Canada Mortgage and Housing Corporation (CMHC), Canada’s biggest default mortgage insurer, is tightening mortgage rules. What does it mean for new home buyers?
The new CMHC mortgage rules
As of July 1, these new rules will be in effect for homeowners applying for CMHC mortgage insurance:
- Maximum gross debt service ratio of 35 (from 39 previously)
- Maximum total debt service ratio of 42 (from 44 previously)
- At least one borrower must have a minimum credit score of 680 (from 600 previously)
- Sources for your down payment are more stringent (From the CMHC: “Borrowers must pay the down payment from their own resources. These eligible traditional sources of down payment may include savings, the sale of a property, non-repayable financial gift from a relative, funds borrowed against their liquid financial assets, funds borrowed against their real property, or a government grant.”)
The new debt ratio criteria essentially increase the stress test rate and reduce home buyers’ purchasing power on a new home.
How CMHC rule changes affect new home buyers
From the rule changes, you get the sense that CMHC is making it more difficult for people with higher debt levels and lower credit scores to get a mortgage.
One reason behind the rule changes is the gloomy economy we’re in. COVID-19-triggered business closures, mass layoffs, and a lower level of immigration will be a headwind for the Canadian housing market.
Currently, CMHC predicts housing prices will decline 9-18% over the next 12 months. It’s already seeing deferred payments from approximately 12% of mortgage holders. And that percentage could climb to as high as 20% by September!
CMHC does not want to see first-time home buyers easily getting into the housing market only to experience a large price decline in their homes while the economy is shaky.
According to RateSpy, “RBC Capital Markets, Genworth and Canada Guaranty reportedly indicated that the choice to adopt any/all of CMHC’s changes is theirs. CMHC’s policies were not an industry-wide mandate by the Department of Finance.”
So, for now, there doesn’t seem to be any real impacts on potential home buyers, as other companies can take up the mortgage businesses that CMHC will lose from the rule changes.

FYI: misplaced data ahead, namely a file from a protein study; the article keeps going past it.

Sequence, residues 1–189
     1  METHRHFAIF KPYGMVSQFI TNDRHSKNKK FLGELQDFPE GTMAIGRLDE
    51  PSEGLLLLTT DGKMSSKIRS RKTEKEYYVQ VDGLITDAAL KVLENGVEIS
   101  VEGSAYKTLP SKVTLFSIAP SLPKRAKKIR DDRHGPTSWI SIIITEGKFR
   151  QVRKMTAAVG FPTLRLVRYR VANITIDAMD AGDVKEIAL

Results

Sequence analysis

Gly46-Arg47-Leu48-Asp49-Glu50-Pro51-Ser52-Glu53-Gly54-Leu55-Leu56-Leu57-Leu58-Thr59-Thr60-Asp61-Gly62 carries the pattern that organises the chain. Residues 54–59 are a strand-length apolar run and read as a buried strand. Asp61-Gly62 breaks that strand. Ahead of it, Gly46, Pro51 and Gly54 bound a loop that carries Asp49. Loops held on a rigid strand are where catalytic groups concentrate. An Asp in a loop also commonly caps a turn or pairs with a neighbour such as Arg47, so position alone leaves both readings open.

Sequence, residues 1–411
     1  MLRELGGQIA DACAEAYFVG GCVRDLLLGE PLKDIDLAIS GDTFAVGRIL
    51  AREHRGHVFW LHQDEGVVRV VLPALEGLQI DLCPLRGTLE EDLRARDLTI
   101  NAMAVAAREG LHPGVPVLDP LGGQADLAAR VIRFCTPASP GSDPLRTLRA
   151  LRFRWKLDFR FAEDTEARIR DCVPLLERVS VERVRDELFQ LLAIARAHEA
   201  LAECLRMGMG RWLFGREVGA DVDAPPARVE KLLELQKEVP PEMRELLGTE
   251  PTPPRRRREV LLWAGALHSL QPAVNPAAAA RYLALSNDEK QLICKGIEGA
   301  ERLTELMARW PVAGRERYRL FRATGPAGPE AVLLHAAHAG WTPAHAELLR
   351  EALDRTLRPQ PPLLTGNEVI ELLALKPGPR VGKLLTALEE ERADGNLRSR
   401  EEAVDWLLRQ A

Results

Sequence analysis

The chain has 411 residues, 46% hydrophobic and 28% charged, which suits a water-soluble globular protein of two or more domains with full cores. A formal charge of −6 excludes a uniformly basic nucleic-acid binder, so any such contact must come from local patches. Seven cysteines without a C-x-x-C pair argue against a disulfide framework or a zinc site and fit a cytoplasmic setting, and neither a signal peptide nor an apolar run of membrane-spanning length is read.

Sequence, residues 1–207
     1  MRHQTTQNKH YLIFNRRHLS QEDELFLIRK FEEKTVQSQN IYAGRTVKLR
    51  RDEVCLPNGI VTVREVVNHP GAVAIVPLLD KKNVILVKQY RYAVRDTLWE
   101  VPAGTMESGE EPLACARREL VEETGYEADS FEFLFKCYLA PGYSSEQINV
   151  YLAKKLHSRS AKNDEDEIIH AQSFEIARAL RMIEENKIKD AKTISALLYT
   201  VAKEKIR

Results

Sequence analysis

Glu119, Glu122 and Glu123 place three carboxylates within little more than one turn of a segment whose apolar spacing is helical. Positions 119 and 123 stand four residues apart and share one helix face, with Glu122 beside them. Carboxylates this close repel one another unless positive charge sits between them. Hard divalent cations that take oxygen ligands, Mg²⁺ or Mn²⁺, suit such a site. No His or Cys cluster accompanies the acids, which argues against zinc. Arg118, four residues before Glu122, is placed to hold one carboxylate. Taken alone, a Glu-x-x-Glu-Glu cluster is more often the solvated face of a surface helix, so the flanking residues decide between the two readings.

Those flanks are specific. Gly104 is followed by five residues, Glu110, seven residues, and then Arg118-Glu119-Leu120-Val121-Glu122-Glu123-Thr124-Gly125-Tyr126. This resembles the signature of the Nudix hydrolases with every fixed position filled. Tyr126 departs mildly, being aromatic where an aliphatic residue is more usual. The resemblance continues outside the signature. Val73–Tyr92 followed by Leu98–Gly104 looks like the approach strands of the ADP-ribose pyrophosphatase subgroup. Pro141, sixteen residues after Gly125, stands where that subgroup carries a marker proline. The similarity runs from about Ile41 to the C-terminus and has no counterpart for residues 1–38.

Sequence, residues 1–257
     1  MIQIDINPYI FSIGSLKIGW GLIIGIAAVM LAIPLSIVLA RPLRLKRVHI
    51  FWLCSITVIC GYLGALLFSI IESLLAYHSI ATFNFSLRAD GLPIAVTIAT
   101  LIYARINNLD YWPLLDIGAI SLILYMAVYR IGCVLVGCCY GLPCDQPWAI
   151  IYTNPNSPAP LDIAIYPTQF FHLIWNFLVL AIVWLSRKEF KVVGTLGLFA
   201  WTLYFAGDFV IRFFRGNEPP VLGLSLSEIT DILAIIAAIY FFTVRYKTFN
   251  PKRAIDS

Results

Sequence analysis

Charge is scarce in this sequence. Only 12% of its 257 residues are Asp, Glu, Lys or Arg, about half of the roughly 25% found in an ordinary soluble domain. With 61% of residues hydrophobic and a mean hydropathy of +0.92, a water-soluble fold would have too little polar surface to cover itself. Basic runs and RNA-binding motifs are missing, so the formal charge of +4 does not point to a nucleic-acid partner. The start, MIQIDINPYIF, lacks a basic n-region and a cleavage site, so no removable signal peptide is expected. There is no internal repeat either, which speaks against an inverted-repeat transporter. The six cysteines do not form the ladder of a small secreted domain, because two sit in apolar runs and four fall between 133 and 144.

As long as you manage your finances well, get your down payment ready, and continue to generate stable income, there’s no need to worry about not being able to get a mortgage that suits your needs.
A surefire way to increase your income
I know it’s not a small feat to save for a sizable down payment. However, if you’re able to spare any excess cash into investing, you can increase your income, which can help pay back your mortgage down the road!
You can consider investing in dividend stocks for passive income. The COVID-19 market crash provides some extraordinary opportunities to lock in high dividend yields.
One particular dividend stock I still like today is Brookfield Property Partners. The stock just rallied with a roar from its March low, because the stock was too cheap!
At US$12.84 per unit, it still only trades at 45% its end-of-Q1 book value. So, it’s a great value buy now and especially on meaningful dips. This year, it’ll experience high volatility due to its large exposure to retail and office real estate.
At writing, BPY yields 10.36%.
With that high a yield, you can earn a nice passive income no matter how much you invest, as long as you believe there’s still demand for quality retail and office properties.
Here are more stocks that are too cheap right now.
Motley Fool Canada's market-beating team has just released a brand-new FREE report revealing 5 "dirt cheap" stocks that you can buy today for under $49 a share.
Our team thinks these 5 stocks are critically undervalued, but more importantly, could potentially make Canadian investors who act quickly a fortune.
Don't miss out! Simply click the link below to grab your free copy and discover all 5 of these stocks now.
This article represents the opinion of the writer, who may disagree with the “official” recommendation position of a Motley Fool premium service or advisor. We’re Motley! Questioning an investing thesis — even one of our own — helps us all think critically about investing and make decisions that help us become smarter, happier, and richer, so we sometimes publish articles that may not be in line with recommendations, rankings or other content.
Fool contributor Kay Ng owns shares of Brookfield Property Partners and Royal Bank of Canada. The Motley Fool recommends Brookfield Property Partners LP.